The individual and the contractor who had posted the ad objected, strenuously, and refused to speak further with me. One of the major issues was whether the pick-up truck the potential donee drove was capable of handling a 24' long tri-axle trailer. The towing service I used when my car broke down was very helpful, advising that the vehicle which removed the trailer needed to have either a half ton or 3/4 ton capability (I don't remember which).

If the hauling vehicle wasn't up to par, there could have been problems moving the trailer. So it was critical to get my parents' name off that title before it was moved. However, the donee refused to cooperate, so the transaction was aborted.
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Reply to GardenArtist
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I hope you/he has title to all or most of the items with wheels and or motors. Often it can be difficult to sell without a title. Title search can be done and lost titles can be obtained but takes time.
Search some "clubs" or groups that have singular focus. (MOPAR, Corvette, Corvair and others) If he has friends that have the same hobby start there they can help or they may want items themselves.
Property, consult real estate professionals.
Always the goal is Fair Market Value.
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Reply to Grandma1954
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In what condition are the old boats, motors, etc.? I ask b/c one of the options I explored was a sale, by a company that specifically focused on those items. It wasn't an estate sale company; from the limited experience I've had with them I don't think they're qualified to handle the more masculine type collections of boats and motors.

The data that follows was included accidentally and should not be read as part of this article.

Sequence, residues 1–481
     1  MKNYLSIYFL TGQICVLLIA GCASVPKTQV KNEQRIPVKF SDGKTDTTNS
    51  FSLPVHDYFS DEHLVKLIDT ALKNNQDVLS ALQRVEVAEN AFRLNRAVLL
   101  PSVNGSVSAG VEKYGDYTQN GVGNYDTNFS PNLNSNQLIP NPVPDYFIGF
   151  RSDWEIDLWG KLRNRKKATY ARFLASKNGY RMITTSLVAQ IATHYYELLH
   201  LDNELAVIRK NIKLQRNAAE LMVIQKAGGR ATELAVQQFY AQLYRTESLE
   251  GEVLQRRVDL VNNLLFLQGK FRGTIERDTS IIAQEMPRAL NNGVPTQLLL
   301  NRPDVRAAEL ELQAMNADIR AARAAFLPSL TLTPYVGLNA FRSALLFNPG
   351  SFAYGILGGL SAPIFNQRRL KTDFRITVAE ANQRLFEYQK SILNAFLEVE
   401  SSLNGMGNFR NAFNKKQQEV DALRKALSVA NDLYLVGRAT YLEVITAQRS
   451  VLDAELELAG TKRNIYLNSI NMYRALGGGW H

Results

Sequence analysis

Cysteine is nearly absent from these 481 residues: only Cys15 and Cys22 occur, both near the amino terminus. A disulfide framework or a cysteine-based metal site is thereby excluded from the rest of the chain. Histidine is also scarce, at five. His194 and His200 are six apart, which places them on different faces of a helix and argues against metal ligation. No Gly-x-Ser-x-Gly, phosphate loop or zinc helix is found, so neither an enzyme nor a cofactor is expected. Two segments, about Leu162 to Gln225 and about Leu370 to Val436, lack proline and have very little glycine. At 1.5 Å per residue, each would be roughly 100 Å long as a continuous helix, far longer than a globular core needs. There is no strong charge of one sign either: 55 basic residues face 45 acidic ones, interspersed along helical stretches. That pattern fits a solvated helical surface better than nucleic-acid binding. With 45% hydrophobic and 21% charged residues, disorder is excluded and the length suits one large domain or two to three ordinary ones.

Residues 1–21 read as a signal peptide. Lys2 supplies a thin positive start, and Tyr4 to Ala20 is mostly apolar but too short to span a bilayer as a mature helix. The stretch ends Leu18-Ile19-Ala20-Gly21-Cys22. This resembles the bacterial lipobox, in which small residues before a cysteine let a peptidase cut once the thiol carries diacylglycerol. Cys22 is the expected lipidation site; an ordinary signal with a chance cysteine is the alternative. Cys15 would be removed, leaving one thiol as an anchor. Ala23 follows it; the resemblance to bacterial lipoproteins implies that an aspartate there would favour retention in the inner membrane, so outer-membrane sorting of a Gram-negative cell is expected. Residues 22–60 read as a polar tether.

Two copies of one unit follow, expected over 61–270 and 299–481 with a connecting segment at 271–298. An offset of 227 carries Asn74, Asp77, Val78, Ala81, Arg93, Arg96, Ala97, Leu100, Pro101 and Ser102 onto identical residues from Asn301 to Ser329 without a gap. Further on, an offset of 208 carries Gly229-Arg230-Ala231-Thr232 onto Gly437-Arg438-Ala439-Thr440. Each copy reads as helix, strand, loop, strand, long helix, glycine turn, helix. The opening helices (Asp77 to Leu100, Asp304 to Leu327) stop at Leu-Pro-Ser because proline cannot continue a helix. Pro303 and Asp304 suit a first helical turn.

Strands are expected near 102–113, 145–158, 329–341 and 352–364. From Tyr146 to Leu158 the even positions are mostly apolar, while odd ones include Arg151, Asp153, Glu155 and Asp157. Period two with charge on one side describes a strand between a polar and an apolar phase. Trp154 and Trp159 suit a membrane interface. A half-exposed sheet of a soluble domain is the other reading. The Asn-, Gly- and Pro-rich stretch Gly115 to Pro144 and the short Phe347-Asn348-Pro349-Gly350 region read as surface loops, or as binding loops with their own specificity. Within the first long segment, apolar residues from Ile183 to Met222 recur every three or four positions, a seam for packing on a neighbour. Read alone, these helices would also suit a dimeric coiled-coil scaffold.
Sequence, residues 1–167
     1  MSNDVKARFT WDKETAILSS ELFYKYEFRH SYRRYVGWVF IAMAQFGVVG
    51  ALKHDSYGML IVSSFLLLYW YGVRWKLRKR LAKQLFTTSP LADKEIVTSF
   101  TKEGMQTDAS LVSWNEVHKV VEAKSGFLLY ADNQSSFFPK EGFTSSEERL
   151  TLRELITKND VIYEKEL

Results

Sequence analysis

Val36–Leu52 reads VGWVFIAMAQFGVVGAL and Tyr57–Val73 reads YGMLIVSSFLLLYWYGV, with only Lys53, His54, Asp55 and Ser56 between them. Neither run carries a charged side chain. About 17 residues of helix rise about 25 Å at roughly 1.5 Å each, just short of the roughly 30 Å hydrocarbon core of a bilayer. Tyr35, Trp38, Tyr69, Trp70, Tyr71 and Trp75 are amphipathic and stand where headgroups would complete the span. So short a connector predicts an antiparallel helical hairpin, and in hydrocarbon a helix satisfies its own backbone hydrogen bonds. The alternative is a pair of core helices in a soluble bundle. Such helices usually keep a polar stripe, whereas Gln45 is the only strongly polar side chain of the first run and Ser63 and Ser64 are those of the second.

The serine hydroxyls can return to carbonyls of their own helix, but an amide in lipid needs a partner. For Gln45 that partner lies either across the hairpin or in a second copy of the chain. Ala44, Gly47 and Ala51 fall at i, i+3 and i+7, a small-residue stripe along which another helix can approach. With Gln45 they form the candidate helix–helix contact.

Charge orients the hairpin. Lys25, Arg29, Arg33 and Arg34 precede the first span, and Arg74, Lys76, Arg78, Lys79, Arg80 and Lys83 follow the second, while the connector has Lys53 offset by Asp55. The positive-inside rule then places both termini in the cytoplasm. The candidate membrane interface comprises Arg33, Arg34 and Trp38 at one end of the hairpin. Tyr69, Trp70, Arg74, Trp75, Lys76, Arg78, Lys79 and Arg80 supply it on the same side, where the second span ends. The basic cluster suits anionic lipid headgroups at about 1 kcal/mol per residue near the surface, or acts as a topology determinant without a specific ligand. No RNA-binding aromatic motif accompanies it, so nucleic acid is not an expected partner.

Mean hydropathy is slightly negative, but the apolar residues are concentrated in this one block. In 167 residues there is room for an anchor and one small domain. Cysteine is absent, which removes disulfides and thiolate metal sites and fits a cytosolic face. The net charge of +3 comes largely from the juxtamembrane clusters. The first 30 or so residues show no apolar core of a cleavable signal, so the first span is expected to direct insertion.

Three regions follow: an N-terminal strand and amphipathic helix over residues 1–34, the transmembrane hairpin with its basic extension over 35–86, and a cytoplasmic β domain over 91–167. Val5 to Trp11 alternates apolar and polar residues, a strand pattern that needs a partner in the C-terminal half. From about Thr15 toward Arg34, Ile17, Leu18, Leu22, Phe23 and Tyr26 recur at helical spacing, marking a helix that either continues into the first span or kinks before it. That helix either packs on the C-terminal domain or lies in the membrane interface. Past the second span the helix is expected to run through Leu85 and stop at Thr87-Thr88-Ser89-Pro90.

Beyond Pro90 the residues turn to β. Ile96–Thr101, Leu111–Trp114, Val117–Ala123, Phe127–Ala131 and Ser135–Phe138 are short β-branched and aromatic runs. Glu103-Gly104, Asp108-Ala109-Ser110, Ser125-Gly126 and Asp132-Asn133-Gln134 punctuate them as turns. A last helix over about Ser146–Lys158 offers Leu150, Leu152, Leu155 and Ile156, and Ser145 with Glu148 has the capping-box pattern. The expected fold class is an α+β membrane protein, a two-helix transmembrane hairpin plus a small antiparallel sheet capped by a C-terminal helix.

I don't recall the specific category for the male type stuff sales, but their scope of their interest included woodworking tools (drills, sanders, etc.), radial arm saw, and more.

You could try to search on those categories to find a company that focuses on these items. Had they been hired, they would have had an auction, on site at our house, and it would have been the responsibility of purchasers to remove the items.

The contractor with whom I spoke said at that time that they auction the items, but typically anticipate that they'll make at least $15K from the sale. This was a few years ago so it may have changed.

If your father has old tools, that could be big draw. The men in my family feel that older tools are better than the new ones, and I think they're right.

Another option, depending on whether or not your father needs cash specifically or could benefit from tax deductions, is to consider donation to a 501(c)(3) company. I found 2, both of which were Appalachian type schools, teaching woodworking, metallurgy oriented classes, and more. One was of special interest: it held a Veterans Day each week, during which Veterans could use the tools in the school for their own purposes, w/o cost.

Those were the kind of companies to which I wanted to donate, especially since I could use the tax deduction to offset some of the income from the trust assets (house was held in trust).

Hope this helps.